Galveston in 1885
Augustus Koch’s view of Galveston in 1885 reveals how much the city had grown in the fourteen years since Camille M. Drie depicted it in 1871. Shown from the northwest, both views focus on the downtown commercial district and the port facilities on Galveston Bay, the narrow strip of water between the mainland and the island. Galveston was the largest city in the state and the third largest cotton market in the country in 1885. Reaching its height as a commercial port, Galveston handled 62 percent of the Texas crop and 12 percent of the nation’s. Koch acknowledges the importance of the cotton trade by identifying a number of cotton presses, mainly near the wharves and along the railroad lines, and by pointing out the Cotton Exchange, a three-story building on Mechanic Street (7 on map).
Already experiencing competition from Houston, a group of Galveston investors in 1873 organized the Gulf, Colorado and Santa Fe Railway Company to build a railroad from Galveston around Houston and through the interior of Texas. By 1885, the company operated nearly 700 miles of track. But interior railroads also permitted farmers and brokers to send their cotton north and east to avoid paying what they considered to be the exorbitant fees of the Galveston Wharf Company (called “the Octopus” by some), which had a virtual monopoly over Galveston shipping. When Houston developed its deepwater port in the mid-1890s, the Galveston Wharf Company lost additional business.
In many ways, Koch’s view is a tribute to the architecture of Nicholas J. Clayton, arguably the most outstanding architect in the state at the time. Many of Clayton’s buildings—such as Trinity Chapel (14), St. Mary’s University (34), St. Patrick’s Church (16), Harmony Hall (6), the Masonic Temple (5), and the General Offices of the Gulf, Colorado and Santa Fe Railroad (10)—are detailed in the print. Other of Clayton’s buildings are singled out for vignettes at the top, including the Leon and H. Blum Dry Goods Store (A, now the Tremont House), Wallis, Landes and Company Building (M), and the George Schneider and Company Building (C). By 1885 developers had also begun to pay attention to the beach on the gulf side of the island in an effort to develop tourism and increase riders on the passenger trains and trolleys. Led by Col. William H. Sinclair, president of the streetcar company, a public subscription financed the construction nearby of the $260,000 Beach Hotel (37). Clayton designed the hotel, which was three stories high with 200 rooms and 18-foot-wide verandas.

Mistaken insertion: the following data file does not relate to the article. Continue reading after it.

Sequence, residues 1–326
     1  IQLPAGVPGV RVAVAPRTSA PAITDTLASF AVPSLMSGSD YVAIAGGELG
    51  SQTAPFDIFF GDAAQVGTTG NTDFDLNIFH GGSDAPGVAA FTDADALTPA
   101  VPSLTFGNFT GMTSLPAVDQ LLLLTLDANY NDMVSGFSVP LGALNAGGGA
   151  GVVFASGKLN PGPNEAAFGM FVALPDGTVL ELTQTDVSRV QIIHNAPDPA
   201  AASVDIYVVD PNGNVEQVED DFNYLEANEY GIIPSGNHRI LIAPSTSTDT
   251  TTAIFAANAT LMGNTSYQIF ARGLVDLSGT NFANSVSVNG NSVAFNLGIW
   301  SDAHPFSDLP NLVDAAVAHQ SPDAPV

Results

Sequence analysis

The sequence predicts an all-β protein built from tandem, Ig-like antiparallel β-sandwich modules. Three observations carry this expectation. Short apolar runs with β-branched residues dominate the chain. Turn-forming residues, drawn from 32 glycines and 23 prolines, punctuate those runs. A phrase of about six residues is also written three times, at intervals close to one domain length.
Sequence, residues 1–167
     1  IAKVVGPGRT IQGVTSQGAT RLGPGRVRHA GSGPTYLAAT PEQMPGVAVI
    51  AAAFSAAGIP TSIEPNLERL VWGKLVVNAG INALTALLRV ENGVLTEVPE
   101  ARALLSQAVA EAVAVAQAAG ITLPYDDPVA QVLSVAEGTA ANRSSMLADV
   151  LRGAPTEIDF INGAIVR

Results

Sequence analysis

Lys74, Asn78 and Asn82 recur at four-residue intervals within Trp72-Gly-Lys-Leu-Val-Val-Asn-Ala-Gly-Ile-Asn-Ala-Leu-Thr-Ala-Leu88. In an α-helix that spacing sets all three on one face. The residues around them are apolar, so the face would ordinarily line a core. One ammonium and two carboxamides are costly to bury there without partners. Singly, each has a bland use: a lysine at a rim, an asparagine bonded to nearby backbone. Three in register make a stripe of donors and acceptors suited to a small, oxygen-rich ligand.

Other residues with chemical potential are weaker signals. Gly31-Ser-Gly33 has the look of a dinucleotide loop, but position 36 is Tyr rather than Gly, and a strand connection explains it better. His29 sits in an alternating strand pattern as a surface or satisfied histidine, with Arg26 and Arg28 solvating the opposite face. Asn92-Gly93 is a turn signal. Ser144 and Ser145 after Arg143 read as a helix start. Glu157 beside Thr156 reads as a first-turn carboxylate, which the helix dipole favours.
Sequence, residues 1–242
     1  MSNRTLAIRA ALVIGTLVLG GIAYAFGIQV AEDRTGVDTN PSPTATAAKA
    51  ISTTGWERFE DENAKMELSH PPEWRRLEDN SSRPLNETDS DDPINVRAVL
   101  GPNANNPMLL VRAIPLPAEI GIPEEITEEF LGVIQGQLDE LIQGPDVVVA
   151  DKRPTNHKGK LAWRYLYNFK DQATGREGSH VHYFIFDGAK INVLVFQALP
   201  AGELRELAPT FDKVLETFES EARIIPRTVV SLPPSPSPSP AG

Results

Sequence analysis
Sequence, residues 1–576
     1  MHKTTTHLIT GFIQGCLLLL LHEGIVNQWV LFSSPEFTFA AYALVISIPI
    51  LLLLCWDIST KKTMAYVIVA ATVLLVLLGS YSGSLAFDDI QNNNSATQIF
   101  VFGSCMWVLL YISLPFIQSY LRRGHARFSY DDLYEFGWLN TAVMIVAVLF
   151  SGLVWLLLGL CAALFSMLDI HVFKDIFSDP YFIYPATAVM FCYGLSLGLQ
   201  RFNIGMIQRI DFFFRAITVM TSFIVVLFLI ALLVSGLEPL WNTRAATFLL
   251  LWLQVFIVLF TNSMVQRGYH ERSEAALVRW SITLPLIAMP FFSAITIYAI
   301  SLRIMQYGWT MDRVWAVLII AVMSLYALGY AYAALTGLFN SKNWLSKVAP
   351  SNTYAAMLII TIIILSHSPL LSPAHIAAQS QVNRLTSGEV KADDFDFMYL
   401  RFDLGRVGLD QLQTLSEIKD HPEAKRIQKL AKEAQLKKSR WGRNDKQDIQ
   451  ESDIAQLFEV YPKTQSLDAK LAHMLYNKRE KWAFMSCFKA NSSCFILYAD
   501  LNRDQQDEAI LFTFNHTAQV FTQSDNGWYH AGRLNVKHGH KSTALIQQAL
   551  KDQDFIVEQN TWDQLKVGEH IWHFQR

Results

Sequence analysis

As was his habit, Koch also called attention to the city’s significant African-American neighborhood by designating a number of black churches (26–30). The number of African-Americans in Galveston increased after the Civil War, as freedmen moved to the city in an effort to find work. Alderman and Republican Party leader Norris Wright Cuney, the son of a Brazos Valley planter and a black mistress, organized a union to provide work for them on the docks.
This image is a color lithograph, or a chromolithograph, in that the picture is made up of four printed colors: black, blue, yellowish-brown, and red-orange. Unfortunately, the colors are at times badly out of register in this impression, making it difficult to see the details.